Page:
Meantime, Gordon called the kids at home and asked them to remember me in their prayers. We tried to call the Adams, so Bro Adams could help Gordon give me a blessing, but their cell phone was off. Finally, we found another missionary couple and that was Brother Wilcox. He came over to assist Gordon with the blessing. While Gordon was so worried, I felt very calm about the whole ordeal. I wasn't frightened and I knew that everything was going to be o.k.
Finally the E.R. people gave me coumidin to dissolve any clots that may have formed, and gave me some other heart medications...those of which they happened to have on hand. However, my heart continued to fibrillate. Finally about 11 p.m. the doctor decided to send me home after spending about 11 hours in their facility. He had wanted to send me down to Queens in Honolulu, but said that by the time the ambulance came up from town and got me down there that it would be about 3 in the morning and he didn't think that any of the residents on staff would be alert enough to check me out until morning. So, he gave me two kinds of medications (the only ones they had on hand) and told me to get an appointment with that cardiologist the coming week.
The next morning, Sunday the 17th, I woke up without any fibrillation, but decided to just stay at home from my meetings. Bishop Keala sent Gordon home after their Bishopric meeting and told me to be there with me. Monday was President's Day, and I knew that the cardiologist was off-island, so I continued to rest and research my problem. We called Gary Christensen in Utah, who was Gordon's doctor and I told me what had happened to me. I also told me that the doctor had given me amiodarone and metropolol as medications, and he verified what I suspected about the amiodarone. He told me not to take it unless I was near death. And he also told me not to try to come home on the plane until I was very stable. I had already stopped taking the amiodarone because of what I had read about it.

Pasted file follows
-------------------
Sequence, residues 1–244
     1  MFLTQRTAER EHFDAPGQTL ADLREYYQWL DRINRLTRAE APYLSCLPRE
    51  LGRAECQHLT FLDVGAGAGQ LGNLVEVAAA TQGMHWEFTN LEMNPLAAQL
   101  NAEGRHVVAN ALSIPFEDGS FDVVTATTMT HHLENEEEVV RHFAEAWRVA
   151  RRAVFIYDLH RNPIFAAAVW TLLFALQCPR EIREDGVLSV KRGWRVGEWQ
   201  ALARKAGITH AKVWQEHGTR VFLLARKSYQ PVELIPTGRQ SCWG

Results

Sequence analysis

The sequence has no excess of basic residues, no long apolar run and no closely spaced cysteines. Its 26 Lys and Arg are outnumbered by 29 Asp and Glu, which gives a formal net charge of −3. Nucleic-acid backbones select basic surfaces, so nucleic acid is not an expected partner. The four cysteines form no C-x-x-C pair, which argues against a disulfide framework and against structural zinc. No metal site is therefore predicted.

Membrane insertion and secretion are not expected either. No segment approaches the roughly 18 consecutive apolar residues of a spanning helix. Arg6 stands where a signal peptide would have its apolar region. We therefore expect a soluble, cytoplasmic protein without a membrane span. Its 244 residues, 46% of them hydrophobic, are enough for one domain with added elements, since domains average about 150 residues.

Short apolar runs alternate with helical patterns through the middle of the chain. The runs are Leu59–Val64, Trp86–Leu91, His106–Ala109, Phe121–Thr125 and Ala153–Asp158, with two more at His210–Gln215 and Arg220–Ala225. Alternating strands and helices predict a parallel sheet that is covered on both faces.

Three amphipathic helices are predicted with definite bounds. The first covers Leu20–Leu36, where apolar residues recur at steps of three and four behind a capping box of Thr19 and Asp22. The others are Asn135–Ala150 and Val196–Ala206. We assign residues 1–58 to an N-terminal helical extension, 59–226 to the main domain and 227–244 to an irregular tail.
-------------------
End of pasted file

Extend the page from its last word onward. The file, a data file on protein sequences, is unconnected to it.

On Tuesday morning, I woke up feeling a heaviness in my chest and some pain. Knowing what the Kahuku hospital was like,we opted to go down to Queens. I checked in through their emergency room and was admitted to their observation floor. Dr Magno, the cardiologist, came into see me and started the a full workup of scans, EKGs, Stress Test, and complete blood work. They could not find anything out of the ordinary by then and so I was discharged on Wednesday afternoon.